UC Berkeley Web Feature
Berkeley physician treats the wounds – medical and psychological – inflicted by Hurricane Katrina
BERKELEY – Dr. Ameena Ahmed didn't hesitate a minute when the Louisiana Department of Health & Hospitals put out an urgent call for physicians in the wake of Hurricane Katrina. On Monday, Sept. 5, the lecturer in the UC Berkeley-UCSF Joint Medical Program headed to the Gulf Coast.
For the next week, she provided medical care and counseling at places including the New Orleans Convention Center parking lot, a makeshift clinic in a motel breakfast room, and rural churches where every pew had become a bed. Lacerations, foot infections and people without their vital, daily medications were common.
But it was the victims' precarious mental health that most troubled Ahmed and prompted her to action.
"The stories I heard were just amazing," she said. "One of the most shocking things was realizing that I heard only a few dozen of the hundreds of thousands of stories. People had lost all their possessions, didn't know if they still had any family, didn't know if their children had survived and, if so, where they were."
Still others, she said, had suffered psychologically from lootings and attacks. In the New Orleans Convention Center, she said, people were "living without adequate food and water and with the stink of sewage and armed bandits running through and shooting and raping people, and then they were put on buses and shipped off. They'll bear a tremendous psychological burden in the months and years to come."
It was Ahmed's experience as medical director of Survivors International, a San Francisco-based non-governmental organization that works with torture survivors around the world, that helped her understand the mental anguish in Louisiana. The group does forensic medical and psychological evaluations and provides ongoing therapy and counseling to those who have been tortured for reasons including ethnicity, gender or political beliefs.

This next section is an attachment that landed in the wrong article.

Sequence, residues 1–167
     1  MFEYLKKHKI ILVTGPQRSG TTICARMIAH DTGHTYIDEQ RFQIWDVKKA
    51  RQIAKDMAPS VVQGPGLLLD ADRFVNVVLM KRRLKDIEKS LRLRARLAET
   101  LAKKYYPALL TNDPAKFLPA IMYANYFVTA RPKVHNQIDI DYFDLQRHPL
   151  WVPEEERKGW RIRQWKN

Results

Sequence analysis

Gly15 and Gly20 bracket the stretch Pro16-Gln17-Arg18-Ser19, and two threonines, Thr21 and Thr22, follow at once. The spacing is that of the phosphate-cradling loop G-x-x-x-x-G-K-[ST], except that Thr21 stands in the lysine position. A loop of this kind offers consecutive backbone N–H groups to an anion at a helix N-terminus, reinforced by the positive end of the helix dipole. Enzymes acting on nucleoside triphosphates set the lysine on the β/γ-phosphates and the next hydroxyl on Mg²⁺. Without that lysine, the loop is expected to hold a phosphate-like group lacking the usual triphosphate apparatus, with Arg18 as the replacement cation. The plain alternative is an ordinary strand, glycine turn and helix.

"In the case of Katrina, some of the people's responses were similar – shock, lack of trust in people or in God, a tremendous sense of loss, difficulty sleeping, nightmares, flashbacks. It doesn't matter whether it's a natural disaster or human-inflicted trauma. I could apply the same skills," said Ahmed.
Dispatched for a few days to the small town of Donaldsonville, LA, near Baton Rouge, Ahmed and another doctor and nurse were the first help to arrive, ahead of the Federal Emergency Management Agency and the American Red Cross. The place was swarming with people who'd fled New Orleans before the hurricane arrived and mistakenly thought they'd only need shelter for a few days.
"More than anything, there was so much desperation on people's faces. We set up an impromptu clinic in the breakfast room of a Best Western motel. Many people were having trouble sleeping, or wanted us to check their blood pressure," she said.
There, Ahmed met a 36-year-old woman who escaped the flooding with her mother – and without money or her cell phone, which contained the numbers of family members across the country. After making sure Ahmed had examined her mother, the woman returned to talk about her despair.